Turkey hunting boots

Duck hunting gear reviews and questions.

Turkey hunting boots

Postby don novicki » Sun Mar 18, 2018 10:22 am

Need a new pair but there are a lot of choices out there. I am looking for a Lacrosse "style" boot without insulation. What does everyone like. P.S. you can leave out recommendations for anything Sitka. I can't see paying 500.00 for a pair of boots :mrgreen:
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Re: Turkey hunting boots

Postby aunt betty » Sun Mar 18, 2018 1:04 pm

Don't you need snow shoes right now? I mean if you were going to hunt turkeys today.
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Re: Turkey hunting boots

Postby Rick » Sun Mar 18, 2018 5:15 pm

This is Lacrosse Grange country, but I've found I get a whole lot more mileage out of the poor boy versions of Le Chameaus that run around $120 on E-bay. Not only last years longer under hard use but have meaningful soles unlike LaCrosse's skates, er..."chevrons". Currently wearing their Country Vibrams.

Should add that that those soles are pretty hard, and if you put anywhere near the miles on them I do, you'll want to add some padded insoles. I use cheap Dollar Store Dr. Scholl's "gel ones.
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Re: Turkey hunting boots

Postby aunt betty » Mon Mar 19, 2018 8:18 am

One day at work the guy I worked with, a Menonite who paraded around like he was Amish, gave me the third degree for dragging mud in the house. Wore hiking boots with tread like on a 4x4. Bad idea for a carpenter. Bill lectured me for 5 minutes on boots then pulled up his pant leg and insisted that I needed to try a pair of "these". Red wings with flat soles that you can scrape most of the mud off quickly.

Red Wing Irish Setter work boots. Once I bought one pair I had to have two. Boots last way longer if you can alternate day by day.

Kept wearing them and still do. I can sneak up and scare the piss out of any librarian without even trying in them boots.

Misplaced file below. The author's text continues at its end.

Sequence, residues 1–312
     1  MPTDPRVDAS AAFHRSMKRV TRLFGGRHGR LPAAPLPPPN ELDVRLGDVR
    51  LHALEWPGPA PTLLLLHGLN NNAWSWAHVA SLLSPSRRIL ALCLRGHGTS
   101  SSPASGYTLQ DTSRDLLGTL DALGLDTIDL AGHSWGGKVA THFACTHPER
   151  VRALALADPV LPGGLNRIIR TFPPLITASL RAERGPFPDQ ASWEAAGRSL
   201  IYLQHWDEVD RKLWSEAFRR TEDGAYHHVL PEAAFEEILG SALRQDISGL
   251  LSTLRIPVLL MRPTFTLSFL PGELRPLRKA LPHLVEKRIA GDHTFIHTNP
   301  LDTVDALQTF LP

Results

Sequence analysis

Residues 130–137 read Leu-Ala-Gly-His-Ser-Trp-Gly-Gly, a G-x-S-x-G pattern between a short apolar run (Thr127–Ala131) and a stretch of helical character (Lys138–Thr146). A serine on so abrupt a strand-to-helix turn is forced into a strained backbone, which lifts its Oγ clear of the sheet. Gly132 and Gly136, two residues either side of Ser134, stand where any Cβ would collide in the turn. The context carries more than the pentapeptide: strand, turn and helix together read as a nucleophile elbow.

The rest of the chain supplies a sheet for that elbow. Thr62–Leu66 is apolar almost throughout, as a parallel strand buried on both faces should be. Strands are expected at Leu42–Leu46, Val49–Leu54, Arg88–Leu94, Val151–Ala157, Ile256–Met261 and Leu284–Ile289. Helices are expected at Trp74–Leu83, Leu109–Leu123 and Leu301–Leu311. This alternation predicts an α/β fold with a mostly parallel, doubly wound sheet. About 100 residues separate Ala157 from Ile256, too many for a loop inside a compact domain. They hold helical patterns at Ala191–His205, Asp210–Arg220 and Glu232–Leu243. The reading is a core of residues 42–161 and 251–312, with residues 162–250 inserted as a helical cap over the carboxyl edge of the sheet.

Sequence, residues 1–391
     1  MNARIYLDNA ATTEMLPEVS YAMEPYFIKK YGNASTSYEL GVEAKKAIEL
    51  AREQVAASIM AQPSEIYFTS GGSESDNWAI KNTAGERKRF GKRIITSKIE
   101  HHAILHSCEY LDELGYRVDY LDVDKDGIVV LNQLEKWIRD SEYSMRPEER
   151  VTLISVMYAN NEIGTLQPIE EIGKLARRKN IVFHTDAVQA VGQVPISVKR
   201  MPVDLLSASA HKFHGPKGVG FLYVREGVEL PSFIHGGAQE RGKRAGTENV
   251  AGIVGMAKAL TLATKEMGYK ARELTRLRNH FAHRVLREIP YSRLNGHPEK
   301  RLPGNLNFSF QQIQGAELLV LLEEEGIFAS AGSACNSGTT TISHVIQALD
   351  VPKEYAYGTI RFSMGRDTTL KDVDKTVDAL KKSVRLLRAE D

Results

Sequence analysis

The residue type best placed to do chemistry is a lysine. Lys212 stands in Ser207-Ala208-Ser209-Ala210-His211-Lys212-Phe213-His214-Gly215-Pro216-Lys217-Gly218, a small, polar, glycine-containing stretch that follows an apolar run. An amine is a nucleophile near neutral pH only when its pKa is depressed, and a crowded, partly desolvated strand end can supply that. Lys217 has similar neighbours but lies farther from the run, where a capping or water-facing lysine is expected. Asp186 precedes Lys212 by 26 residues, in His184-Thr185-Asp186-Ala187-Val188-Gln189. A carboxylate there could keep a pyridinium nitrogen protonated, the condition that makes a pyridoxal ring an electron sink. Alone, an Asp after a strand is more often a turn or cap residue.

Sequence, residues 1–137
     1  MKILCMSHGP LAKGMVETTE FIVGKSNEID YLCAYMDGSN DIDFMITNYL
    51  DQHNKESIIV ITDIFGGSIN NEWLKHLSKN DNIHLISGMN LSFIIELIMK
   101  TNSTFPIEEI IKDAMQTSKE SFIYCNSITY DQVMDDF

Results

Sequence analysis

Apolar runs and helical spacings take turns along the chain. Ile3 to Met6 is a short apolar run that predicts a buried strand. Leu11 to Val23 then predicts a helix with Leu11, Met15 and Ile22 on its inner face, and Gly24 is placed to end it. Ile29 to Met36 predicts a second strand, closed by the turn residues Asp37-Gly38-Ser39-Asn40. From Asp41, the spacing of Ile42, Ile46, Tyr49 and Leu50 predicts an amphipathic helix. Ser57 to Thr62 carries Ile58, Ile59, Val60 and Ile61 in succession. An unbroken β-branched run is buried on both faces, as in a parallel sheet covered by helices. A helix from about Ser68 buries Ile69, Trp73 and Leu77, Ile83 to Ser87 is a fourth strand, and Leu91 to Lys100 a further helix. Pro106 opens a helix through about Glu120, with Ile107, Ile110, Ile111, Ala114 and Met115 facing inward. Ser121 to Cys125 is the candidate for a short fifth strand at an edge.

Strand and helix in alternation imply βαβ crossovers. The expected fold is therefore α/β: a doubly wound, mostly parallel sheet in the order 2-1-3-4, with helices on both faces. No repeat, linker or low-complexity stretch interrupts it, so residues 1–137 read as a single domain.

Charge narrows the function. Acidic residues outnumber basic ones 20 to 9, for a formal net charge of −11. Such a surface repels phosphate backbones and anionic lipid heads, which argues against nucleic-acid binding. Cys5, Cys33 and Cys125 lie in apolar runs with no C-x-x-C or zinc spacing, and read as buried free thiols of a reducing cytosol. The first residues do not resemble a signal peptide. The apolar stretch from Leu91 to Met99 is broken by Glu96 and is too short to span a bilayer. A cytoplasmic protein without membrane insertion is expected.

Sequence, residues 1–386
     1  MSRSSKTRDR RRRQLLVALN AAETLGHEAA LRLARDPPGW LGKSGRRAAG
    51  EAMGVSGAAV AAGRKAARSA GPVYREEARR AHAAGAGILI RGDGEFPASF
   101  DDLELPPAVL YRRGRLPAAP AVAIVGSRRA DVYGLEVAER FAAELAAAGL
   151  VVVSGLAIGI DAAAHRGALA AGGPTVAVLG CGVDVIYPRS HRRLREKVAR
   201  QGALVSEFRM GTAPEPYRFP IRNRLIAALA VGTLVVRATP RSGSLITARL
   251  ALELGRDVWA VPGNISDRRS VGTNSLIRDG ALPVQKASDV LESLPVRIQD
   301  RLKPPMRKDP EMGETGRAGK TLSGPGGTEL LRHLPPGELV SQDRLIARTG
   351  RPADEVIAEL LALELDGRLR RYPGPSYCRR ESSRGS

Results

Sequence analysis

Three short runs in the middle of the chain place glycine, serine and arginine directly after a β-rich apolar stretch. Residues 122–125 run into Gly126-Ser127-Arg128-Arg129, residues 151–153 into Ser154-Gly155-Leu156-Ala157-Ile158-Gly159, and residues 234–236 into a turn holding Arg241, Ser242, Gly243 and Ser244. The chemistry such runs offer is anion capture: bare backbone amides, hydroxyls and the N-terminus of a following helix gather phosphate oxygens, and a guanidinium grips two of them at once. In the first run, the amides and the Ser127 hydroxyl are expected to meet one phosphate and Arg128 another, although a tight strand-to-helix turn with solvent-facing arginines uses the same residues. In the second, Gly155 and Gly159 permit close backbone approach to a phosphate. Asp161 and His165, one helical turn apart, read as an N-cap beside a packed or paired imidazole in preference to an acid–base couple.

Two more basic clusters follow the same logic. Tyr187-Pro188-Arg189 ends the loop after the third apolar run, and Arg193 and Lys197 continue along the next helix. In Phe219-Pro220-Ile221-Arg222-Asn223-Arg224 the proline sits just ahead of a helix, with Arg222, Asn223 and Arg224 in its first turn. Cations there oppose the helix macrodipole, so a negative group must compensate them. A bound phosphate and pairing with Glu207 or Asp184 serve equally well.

The soles are soft but wear kind of fast compared tp some other brands.

Used to do it all the time in college to where I got in the habit of making a little noise so the librarian would hear me coming. After almost killing one I had to quit being sneaky.
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Re: Turkey hunting boots

Postby SpinnerMan » Mon Mar 19, 2018 9:00 am

My wife likes to try and get me hunting stuff for Christmas and my birthday. Normally, she is terrible. I hate saying, I just can't use this which happens too often, but if she spent some money on it, back it goes. Occasionally, she gets me something decent. When maybe 12 years ago, I unwrapped a pair of boots :o My only thought was, no, no, no, no. It's just not something you buy without asking. I did need a new pair, but :o

They have been the perfect pair of boots. They are wolverines. They do have some insulation, and I wouldn't shy away from that. I wear them year round. Even when working on the hottest days my feet don't get too hot. On the coldest days, me feet get a little cold, but I'm talking late goose arctic cold standing on cold concrete in a pit. The biggest thing is they fit perfectly. I can put a warmer pair of wool socks that aren't too snug or a light sock and they aren't too loose. And that's all I do except for some of those toe warmer things when it is arctic and I'm going to be standing still all day.

They do have the tread problem that Betty mentioned. Step in mud and you will be leaving chunks of dried mud for the next month.

They are still in good shape 12 years later. I don't wear them near every day, but they have a lot of hours on them under a wide range of conditions. Can't speak to any other brand, but this one pair has been worth far more than whatever my wife spent on them.
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Re: Turkey hunting boots

Postby aunt betty » Mon Mar 19, 2018 12:16 pm

I had a pair of boots like that spinner. Hand-me-downs from my father.
They were marketed as feather-lite or something like that. Us hobbit-size people look at that sort of thing. Upland hunts can get miserable really quick if a guy like me makes some poor choices like carrying a semi-auto for instance.

Them Wolverine boots had the mountain-boot tread but were waterproof because they had a "bread bag" built in.
One icy day the tread split and the waterproof on the right boot was no good.

The best pair of boots I ever had was another pair of hand-me-downs. Danner.
They had Vibram soles and were so waterproof I could work all day outside in snow and not get wet. Them soles were different in that they were flat with little lines sort of cut into them.
They were heavily insulated too. Kept feet cool in the summer and warm in winter. One day I carelessly sliced over the top of one boot with a utility knife. Ruined. They were over $200 back when a pack of smokes was a dollar.

My old man never bought anything cheap. Ever have a pair of Gore-Tex blue jeans? Those are great for a waterfowler to wear under waders.

Sorry this got a little away from turkey boots but I'd get Danner boots if I had plenty-o-money.
I've heard that it's incredibly stupid to **** around with a crazy man's head.
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